8. sons_of_anakin_tatooine Force Ghost

    Member Since:
    Sep 28, 2005
    star 3

    well its not cnn but more fox news and politicians from both sides

    you do touch on a point though in regards to mental illness someone could have 30 years of experience being a shrink and i know from experience as a patient antidepressants and social anxiety meds arent a cure but more of a way to kind of help relax certain illnesses.

    in some cases meds can be overly put on a high dosage wich would either drug someone up to the point there a zombie or sometimes simply just by mistake

    i guess my problems are i always had social anxiety depression and currently dealing with someone close to me who is eventually going to die from stage 4 cancer and believe me i never experienced this sort of thing so im not use to it.

    i went on wellbutrin to quit smoking weeks ago wich also supposedly helps with anxiety/depression and i noticed red flags about sucidal thoughts in wich i know id never act on so luckly i was taken off it and feel great now. as a person i know i would never do such a thing so i think it was the pills and the mgs i was on.

    on that kind of drug it was 150 mgs and you had to take 2 a day wich is a total of 300 and luckly i never took 300 just 150. so if one made me feel the way i did who knows what wouldve happened if i took the other.

    i used to be on zoloft and i was fine so im asking my shrink to put me back on but instead of 25 mgs id like to go to 50 that way it isnt a crazy dose
    Last edited by sons_of_anakin_tatooine, Sep 17, 2013
  9. Jabbadabbado Manager Emeritus

    Member Since:
    Mar 19, 1999
    star 7
    There's a different question entirely. Is it healthy for people who already have anxiety, depression, antisocial personality traits, etc. to be playing intensely anti-social and violent video games that provide reinforcement and satisfaction through simulated acts of killing people with high-powered weapons?

    That's much different from asking whether plopping mentally well-adjusted people into first person shooter games turns them into gun nuts hell-bent on launching a killing spree.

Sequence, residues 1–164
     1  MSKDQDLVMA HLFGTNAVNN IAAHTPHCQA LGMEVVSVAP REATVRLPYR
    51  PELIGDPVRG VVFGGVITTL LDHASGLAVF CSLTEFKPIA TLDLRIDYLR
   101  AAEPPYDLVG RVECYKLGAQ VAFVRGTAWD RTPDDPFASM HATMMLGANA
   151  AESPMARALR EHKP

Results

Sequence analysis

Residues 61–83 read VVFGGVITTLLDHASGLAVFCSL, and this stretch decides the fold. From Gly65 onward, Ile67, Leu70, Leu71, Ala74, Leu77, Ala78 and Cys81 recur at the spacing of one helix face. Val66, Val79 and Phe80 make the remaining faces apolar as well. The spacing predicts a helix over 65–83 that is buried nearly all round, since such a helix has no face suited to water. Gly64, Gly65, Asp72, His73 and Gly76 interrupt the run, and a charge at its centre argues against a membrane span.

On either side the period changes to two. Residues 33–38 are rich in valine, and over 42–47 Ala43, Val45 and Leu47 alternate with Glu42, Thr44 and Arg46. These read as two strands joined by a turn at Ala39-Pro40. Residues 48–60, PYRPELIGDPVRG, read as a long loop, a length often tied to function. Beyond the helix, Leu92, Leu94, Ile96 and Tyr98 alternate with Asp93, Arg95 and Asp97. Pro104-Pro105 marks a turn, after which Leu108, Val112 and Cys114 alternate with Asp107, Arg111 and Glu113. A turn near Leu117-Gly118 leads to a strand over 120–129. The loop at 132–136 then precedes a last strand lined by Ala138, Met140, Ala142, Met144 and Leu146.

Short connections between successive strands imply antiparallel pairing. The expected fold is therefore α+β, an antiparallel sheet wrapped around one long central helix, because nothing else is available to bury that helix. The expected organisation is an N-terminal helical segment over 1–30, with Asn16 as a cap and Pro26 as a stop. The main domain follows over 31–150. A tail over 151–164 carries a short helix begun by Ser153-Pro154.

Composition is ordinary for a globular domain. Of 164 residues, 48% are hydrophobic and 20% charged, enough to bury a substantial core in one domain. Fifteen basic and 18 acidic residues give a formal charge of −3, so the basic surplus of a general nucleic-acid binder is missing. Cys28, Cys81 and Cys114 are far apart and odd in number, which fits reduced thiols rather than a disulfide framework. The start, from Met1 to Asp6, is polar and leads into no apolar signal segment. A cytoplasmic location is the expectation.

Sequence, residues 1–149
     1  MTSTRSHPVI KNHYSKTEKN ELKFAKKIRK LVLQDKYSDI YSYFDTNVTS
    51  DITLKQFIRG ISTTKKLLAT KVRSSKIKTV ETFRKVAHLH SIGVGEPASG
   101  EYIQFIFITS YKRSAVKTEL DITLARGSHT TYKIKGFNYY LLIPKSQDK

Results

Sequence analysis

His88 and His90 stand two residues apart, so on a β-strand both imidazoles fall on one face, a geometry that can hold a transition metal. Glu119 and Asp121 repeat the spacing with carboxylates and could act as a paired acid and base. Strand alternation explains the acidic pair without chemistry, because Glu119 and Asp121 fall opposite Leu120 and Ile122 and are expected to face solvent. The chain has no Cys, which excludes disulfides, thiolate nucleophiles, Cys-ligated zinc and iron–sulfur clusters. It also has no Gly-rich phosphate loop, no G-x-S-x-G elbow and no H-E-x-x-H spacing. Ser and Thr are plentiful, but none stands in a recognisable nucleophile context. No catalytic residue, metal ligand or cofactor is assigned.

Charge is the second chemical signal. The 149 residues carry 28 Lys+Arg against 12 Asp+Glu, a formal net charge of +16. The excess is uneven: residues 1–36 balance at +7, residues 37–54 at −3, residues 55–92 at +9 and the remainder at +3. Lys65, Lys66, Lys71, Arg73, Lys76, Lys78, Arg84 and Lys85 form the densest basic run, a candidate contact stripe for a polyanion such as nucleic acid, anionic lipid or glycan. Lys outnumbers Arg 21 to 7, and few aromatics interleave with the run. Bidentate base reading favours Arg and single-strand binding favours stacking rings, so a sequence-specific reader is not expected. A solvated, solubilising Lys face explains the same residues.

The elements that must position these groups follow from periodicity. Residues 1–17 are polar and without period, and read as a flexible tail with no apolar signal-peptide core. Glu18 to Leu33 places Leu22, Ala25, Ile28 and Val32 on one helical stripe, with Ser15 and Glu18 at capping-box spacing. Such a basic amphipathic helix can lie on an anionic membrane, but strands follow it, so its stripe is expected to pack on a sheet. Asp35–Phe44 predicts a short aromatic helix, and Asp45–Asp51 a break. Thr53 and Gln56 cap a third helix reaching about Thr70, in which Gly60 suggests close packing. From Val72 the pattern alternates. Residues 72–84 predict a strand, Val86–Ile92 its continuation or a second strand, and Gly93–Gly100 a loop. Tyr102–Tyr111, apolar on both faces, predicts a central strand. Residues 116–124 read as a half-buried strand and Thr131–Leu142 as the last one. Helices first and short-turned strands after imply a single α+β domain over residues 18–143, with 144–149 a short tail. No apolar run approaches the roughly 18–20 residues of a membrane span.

Last edited by Jabbadabbado, Sep 17, 2013
  10. sons_of_anakin_tatooine Force Ghost

    Member Since:
    Sep 28, 2005
    star 3

    thats a trick question it really is because despite what i told about myself i know i will never do harm to myself or anybody. now if it was someone who was lets say ptsd or even scizophrenic that would be kind of a interesting debate because how would one wich something like either of those react? would they think the game world is real or would they think the real world is a giant game? both disorders do give the delusion that something is or isnt there so.


    also adding to the discussion

    Study: Violent video games do not cause real violence
    http://dailycaller.com/2013/05/23/study-violent-video-games-do-not-cause-real-violence/
    Last edited by sons_of_anakin_tatooine, Sep 17, 2013
  11. sons_of_anakin_tatooine Force Ghost

    Member Since:
    Sep 28, 2005
    star 3
    fbi is on now. they say he acted alone. no other suspects
  12. Kimball_Kinnison Chosen One

    Member Since:
    Oct 28, 2001
    star 6
    When is the time? How about after we have the facts about what actually happened?

    For example, on Monday, the media was reporting that the shooter used an AR-15. This caused quite a few people to call for a renewed assault weapons ban, and mandatory background checks. By Tuesday, we found out the truth: he used a shotgun (Joe Biden's recommended weapon) that he bought at a gun store (passing a background check) to kill two police officers and take their handguns.

    We have seen time and time again that the initial reports after any major incident are highly unreliable. The DC snipers were supposedly driving a white van (they weren't). The Oklahoma City bombing suspects were Muslims (except they weren't). Ryan Lanza shot up Sandy Hook (except it was actually his brother).

    No amount of focusing on "assault weapons" or eliminating private sales would have stopped this shooting, because it didn't involve either assault weapons or private sales. And yet, those were the knee-jerk reactions, rooted in emotionalism, not rational thought.

    When emotions are running high is always the worst time to be making policy.
    Sarge likes this.
  13. shinjo_jedi Force Ghost

    Member Since:
    May 21, 2002
    star 5